Can you elaborate on that? Like, was it special effects or music?

Kind of anything. "Negrotown" came out of that — this big, insane musical that's in the style of 1940s musicals and includes all of these insane visual references. It just seemed very daunting to produce, and it was, but it's also one of those that we finished it, and it was a ton of work, and everyone did their best work, and it was like, "Oh, this is amazing." So big musical numbers, special-effects heavy, even just stuff that, tonally, nobody got. There are a few sketches that I was vehemently [against] — and that was part of the fun of having to bring in other directors at the end. Some of the sketches I didn't get. I was like, "Give it to the other directors."

You said it was a challenge, but was there also a renewed energy knowing there were only so many episodes left?

In a weird way, no, only because the last block of shooting was so different than how we had done the show previously. Because I wasn't able to direct every episode anymore, there were new directors for the first time, and I picked the directors. They were people I knew and trusted. But it was still — for our crew — it was a little bittersweet. We lost a lot of crew because we had to overlap. … We also were very much in denial, just as a production. So the last week of shooting, and particularly the last day, all of these emotions that we had been bottling up just came rushing out. There were people crying on set the last day of shooting — and people that I would have never expected to get as emotional as we all get. It was an incredibly emotional day. We pretended like it wasn't ending until the very end, and then it all came rushing out.

It also helped that no one knew it was ending until recently.

We wanted to announce it a little bit earlier than we ended up announcing it because I think the network was afraid that, one, I think they were a little afraid to confront that we were not coming back, and, two, everyone was worried that it would impact the ratings. That people would say, "Oh, that show is going off, anyways. We don't need to watch that." Ultimately, we engineered the last episodes, and particularly the very last episode, to be a nice sendoff for us. So we'd like to share that with other people out there. So everyone who worked on the show knew, and while there was never a [mandate that] this has to be top secret, nobody really talked about it because we all understood we shouldn’t talk about it. Then, as soon as Keegan and Jordan started talking about it, we knew we were allowed to talk about it.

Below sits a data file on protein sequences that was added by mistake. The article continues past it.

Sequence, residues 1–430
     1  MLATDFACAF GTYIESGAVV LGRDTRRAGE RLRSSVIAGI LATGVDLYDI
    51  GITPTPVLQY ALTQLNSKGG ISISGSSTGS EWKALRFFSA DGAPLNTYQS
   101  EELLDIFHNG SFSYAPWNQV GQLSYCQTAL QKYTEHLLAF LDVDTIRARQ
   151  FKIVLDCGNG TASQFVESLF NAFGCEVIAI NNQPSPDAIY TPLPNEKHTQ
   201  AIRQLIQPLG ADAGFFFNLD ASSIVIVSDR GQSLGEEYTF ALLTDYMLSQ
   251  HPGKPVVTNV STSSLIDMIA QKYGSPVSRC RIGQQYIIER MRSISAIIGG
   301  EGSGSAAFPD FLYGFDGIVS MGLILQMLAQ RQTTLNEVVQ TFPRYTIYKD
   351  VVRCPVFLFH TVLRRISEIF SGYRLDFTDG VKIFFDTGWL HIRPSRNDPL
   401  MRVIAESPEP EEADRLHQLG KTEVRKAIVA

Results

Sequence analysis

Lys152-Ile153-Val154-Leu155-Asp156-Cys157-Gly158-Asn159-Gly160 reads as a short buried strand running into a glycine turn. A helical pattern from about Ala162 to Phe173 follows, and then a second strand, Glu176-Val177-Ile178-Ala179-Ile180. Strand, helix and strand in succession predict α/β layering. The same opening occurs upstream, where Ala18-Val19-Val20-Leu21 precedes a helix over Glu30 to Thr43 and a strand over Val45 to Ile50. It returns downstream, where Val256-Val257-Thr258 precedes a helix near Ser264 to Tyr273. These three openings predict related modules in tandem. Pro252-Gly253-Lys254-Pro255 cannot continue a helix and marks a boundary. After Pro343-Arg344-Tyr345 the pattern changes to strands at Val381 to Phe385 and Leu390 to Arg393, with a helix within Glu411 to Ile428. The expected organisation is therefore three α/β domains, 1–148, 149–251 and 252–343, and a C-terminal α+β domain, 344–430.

What can you say about that last episode and how it stands out?

I will be interested to see what people think of that last episode because it has some of our weirdest [content]. Ultimately, we just really enjoy stuff that we felt like we hadn't seen before and stuff that nobody else is really doing. That episode contains some of our more bizarre, more personal sketches in that realm of, we don't think anybody but Key and Peele is doing things like this. And then it also has stuff that we've never done on the show, like we have bloopers for the first time, and we have an ending to the "Driving Through the Desert" portion of the show. So we tried to make that a wrap-up thematically for the show.

Key and Peele airs Wednesdays at 10 p.m. on Comedy Central.